Canadian Dominic Scaia, who had his breasts removed in November as part of a gender reassignment surgery, uploaded photos of his post-op chest — sans boobies — to Facebook to show off his mound-free chest. But just hours after changing his profile picture, he found his account disabled. Uh oh!
“Since it’s a male chest, I didn’t see a problem with it,” Scaia says. The site, which Scaia has been using for three years and where he identifies as male, includes this note in its terms of service: “You will not post content that is hateful, threatening, pornographic, or that contains nudity or graphic or gratuitous violence.”
Which means we’re about to get into a whole discussion about what constitutes lewd photos! “This isn’t just about a Facebook account,” he says. “This is a discrimination issue, and it doesn’t just affect me; it affects all trans men, because if this happened to me, it can happen to them too. All it takes is someone reporting a photo.”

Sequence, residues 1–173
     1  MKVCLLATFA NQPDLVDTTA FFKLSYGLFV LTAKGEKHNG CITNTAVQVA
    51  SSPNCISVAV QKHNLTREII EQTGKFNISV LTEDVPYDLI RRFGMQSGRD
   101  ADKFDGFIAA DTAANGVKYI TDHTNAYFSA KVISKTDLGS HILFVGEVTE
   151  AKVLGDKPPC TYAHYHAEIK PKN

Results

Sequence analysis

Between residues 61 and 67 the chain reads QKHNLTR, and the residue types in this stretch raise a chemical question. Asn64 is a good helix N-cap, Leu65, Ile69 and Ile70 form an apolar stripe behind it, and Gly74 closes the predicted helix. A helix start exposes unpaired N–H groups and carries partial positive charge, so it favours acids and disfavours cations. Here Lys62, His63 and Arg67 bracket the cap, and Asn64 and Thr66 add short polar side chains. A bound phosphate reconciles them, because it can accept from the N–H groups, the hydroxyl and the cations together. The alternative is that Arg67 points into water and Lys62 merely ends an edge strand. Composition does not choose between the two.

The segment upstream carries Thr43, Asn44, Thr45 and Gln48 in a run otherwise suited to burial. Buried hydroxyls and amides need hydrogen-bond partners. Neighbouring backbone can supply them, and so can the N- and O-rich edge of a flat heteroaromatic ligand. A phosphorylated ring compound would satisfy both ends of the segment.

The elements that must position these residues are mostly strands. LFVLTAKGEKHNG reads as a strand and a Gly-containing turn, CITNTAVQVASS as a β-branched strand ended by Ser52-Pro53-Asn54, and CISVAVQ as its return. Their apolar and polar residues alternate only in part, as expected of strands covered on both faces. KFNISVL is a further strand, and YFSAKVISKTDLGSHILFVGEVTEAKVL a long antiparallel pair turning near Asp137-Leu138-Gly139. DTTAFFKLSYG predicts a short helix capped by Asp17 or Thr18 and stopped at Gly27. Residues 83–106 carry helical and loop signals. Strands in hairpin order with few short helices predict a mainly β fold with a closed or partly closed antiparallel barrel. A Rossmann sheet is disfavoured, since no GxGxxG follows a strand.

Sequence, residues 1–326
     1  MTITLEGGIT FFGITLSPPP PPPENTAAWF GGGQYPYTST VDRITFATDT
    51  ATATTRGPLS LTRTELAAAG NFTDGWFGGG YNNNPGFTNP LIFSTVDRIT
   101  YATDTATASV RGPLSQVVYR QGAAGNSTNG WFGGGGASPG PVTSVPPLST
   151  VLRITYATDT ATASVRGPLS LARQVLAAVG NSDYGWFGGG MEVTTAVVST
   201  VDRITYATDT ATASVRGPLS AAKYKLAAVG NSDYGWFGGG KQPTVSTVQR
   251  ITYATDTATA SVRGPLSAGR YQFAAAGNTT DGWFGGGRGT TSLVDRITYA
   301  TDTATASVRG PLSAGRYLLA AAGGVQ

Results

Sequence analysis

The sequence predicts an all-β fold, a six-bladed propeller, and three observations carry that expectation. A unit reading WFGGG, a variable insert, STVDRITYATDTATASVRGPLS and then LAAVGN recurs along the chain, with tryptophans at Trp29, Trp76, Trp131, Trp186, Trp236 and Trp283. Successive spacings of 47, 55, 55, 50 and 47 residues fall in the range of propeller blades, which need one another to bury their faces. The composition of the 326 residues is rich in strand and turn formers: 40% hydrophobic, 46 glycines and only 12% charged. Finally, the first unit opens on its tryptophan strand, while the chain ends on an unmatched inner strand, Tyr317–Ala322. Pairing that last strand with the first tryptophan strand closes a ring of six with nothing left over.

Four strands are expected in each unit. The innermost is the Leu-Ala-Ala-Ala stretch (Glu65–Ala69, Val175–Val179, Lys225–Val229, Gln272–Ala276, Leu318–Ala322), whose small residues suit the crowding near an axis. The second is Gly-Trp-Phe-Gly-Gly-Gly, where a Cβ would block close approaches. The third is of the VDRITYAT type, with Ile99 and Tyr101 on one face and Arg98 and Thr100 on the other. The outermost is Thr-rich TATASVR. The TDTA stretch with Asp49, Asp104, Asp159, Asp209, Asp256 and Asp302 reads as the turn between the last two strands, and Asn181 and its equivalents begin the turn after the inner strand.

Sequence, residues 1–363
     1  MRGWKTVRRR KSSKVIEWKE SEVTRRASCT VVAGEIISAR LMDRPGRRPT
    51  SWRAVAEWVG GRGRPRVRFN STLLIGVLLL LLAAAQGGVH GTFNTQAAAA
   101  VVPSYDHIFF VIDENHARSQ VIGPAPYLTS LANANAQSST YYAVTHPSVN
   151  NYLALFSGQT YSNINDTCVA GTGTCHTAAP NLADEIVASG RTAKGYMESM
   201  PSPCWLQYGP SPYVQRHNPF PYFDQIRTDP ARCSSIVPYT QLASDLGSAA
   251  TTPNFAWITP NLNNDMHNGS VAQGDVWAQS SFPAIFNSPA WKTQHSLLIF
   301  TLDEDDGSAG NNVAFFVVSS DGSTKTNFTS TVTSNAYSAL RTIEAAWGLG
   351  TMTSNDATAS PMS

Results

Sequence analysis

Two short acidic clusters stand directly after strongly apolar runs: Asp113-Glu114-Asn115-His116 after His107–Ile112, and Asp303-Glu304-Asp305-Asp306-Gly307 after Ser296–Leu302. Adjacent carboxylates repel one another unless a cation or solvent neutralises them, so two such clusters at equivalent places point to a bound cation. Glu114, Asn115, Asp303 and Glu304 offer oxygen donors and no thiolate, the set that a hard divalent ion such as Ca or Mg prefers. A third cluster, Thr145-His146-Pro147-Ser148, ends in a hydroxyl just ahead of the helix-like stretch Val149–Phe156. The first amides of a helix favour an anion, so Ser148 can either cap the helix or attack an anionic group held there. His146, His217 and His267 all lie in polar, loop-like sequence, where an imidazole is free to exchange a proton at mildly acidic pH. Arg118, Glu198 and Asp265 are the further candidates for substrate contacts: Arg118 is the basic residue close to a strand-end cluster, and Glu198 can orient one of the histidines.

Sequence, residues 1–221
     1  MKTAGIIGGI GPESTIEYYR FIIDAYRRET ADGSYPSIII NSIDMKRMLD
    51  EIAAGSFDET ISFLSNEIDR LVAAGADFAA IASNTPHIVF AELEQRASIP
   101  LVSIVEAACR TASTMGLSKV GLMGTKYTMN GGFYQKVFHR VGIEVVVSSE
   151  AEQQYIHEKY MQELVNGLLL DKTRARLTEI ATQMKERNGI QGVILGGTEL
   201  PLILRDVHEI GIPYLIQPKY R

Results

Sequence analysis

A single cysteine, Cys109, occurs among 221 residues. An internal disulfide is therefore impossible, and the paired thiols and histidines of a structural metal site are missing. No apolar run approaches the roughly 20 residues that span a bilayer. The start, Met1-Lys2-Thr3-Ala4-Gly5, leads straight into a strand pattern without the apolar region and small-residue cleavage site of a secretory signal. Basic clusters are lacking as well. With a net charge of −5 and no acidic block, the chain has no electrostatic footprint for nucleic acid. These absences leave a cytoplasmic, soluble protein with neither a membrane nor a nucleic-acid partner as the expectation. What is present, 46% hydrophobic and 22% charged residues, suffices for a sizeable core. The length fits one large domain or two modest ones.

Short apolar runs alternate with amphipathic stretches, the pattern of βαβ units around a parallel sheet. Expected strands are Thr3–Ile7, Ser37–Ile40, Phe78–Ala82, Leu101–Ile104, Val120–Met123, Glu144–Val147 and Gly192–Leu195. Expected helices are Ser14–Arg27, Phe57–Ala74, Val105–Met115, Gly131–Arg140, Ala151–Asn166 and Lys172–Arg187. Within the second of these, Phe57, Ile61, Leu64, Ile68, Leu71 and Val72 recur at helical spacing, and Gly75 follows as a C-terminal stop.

This is the post-op photo he uploaded to Facebook on Dec. 20, shortly before his account was disabled:
The most likely scenario: Someone flagged Scaia’s pic as inappropriate, a Facebook moderator agreed, and there went the account. But if men are allowed to publish photos of their bare chests on the site, why not trans men?
So far, Facebook isn’t answering questions — thrown at them by both Scaia and reporters — as to why the account was disabled.
But it has us all the more intrigued by how various social networking sites treat gender, as evidenced by these screenshots uploaded by UnionSt: